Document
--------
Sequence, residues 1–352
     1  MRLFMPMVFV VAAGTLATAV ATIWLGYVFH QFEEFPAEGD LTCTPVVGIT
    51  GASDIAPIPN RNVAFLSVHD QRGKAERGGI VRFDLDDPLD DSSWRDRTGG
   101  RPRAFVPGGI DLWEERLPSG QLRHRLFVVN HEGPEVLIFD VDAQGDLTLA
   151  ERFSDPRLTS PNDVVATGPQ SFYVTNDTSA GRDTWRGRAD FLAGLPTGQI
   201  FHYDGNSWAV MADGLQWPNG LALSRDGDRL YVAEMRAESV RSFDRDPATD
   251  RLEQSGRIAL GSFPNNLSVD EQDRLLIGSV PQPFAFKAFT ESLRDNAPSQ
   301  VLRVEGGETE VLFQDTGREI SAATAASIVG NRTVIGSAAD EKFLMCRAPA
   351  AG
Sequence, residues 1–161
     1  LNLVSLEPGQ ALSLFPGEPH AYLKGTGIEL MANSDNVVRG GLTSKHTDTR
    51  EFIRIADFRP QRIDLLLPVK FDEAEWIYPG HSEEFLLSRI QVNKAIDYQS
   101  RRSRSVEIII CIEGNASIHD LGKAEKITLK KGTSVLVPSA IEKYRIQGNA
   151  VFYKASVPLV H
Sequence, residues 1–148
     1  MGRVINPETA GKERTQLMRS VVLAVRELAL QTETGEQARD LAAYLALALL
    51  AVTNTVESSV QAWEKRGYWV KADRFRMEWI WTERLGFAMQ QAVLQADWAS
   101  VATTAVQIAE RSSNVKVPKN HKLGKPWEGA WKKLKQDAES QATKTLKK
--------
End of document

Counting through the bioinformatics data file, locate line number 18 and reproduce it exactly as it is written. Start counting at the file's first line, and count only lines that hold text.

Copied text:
   101  VATTAVQIAE RSSNVKVPKN HKLGKPWEGA WKKLKQDAES QATKTLKK